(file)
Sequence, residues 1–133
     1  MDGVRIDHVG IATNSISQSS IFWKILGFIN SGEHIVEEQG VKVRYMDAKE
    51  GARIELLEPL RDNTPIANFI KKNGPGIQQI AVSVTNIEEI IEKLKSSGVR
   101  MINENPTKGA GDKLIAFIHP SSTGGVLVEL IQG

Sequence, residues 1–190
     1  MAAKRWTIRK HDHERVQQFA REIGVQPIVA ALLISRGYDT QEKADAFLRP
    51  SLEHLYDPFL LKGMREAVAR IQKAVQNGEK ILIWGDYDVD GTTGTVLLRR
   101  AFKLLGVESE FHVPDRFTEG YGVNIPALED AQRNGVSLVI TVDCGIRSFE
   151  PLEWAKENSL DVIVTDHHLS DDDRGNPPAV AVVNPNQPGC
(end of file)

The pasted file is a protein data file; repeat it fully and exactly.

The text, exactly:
Sequence, residues 1–133
     1  MDGVRIDHVG IATNSISQSS IFWKILGFIN SGEHIVEEQG VKVRYMDAKE
    51  GARIELLEPL RDNTPIANFI KKNGPGIQQI AVSVTNIEEI IEKLKSSGVR
   101  MINENPTKGA GDKLIAFIHP SSTGGVLVEL IQG

Sequence, residues 1–190
     1  MAAKRWTIRK HDHERVQQFA REIGVQPIVA ALLISRGYDT QEKADAFLRP
    51  SLEHLYDPFL LKGMREAVAR IQKAVQNGEK ILIWGDYDVD GTTGTVLLRR
   101  AFKLLGVESE FHVPDRFTEG YGVNIPALED AQRNGVSLVI TVDCGIRSFE
   151  PLEWAKENSL DVIVTDHHLS DDDRGNPPAV AVVNPNQPGC